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J R Soc Med. 2020 Feb;113(2):64-78. doi: 10.1177/0141076819899308. Epub 2020 Jan 21.

Will HPV vaccination prevent cervical cancer?

Author information

1
Centre for Global Public Health, Institute of Population Health Sciences, Barts and The London School of Medicine and Dentistry, Queen Mary University, London E1 2AB, UK.
2
Institute of Health and Society, Newcastle University, Newcastle NE2 4AX, UK.

Abstract

We conducted a critical appraisal of published Phase 2 and 3 efficacy trials in relation to the prevention of cervical cancer in women. Our analysis shows the trials themselves generated significant uncertainties undermining claims of efficacy in these data. There were 12 randomised control trials (RCTs) of Cervarix and Gardasil. The trial populations did not reflect vaccination target groups due to differences in age and restrictive trial inclusion criteria. The use of composite and distant surrogate outcomes makes it impossible to determine effects on clinically significant outcomes. It is still uncertain whether human papillomavirus (HPV) vaccination prevents cervical cancer as trials were not designed to detect this outcome, which takes decades to develop. Although there is evidence that vaccination prevents cervical intraepithelial neoplasia grade 1 (CIN1) this is not a clinically important outcome (no treatment is given). Trials used composite surrogate outcomes which included CIN1. High efficacy against CIN1+ (CIN1, 2, 3 and adenocarcinoma in situ (AIS)) does not necessarily mean high efficacy against CIN3+ (CIN3 and AIS), which occurs much less frequently. There are too few data to clearly conclude that HPV vaccine prevents CIN3+. CIN in general is likely to have been overdiagnosed in the trials because cervical cytology was conducted at intervals of 6-12 months rather than at the normal screening interval of 36 months. This means that the trials may have overestimated the efficacy of the vaccine as some of the lesions would have regressed spontaneously. Many trials diagnosed persistent infection on the basis of frequent testing at short intervals, i.e. less than six months. There is uncertainty as to whether detected infections would clear or persist and lead to cervical changes.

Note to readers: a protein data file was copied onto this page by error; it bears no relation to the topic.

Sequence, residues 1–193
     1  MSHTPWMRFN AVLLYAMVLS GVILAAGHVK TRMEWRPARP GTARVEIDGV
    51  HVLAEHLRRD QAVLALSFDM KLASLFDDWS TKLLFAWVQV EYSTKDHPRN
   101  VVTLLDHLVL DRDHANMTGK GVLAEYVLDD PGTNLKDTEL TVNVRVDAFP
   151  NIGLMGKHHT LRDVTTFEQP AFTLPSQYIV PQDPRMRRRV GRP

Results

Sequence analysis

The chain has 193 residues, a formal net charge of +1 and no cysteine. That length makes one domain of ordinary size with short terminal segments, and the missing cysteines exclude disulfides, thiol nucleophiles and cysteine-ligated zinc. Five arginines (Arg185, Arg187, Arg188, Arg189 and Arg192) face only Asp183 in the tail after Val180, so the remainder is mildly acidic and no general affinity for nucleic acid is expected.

KEYWORDS:

Vaccination programmes; cervical cancer

PMID:
31962050
DOI:
10.1177/0141076819899308

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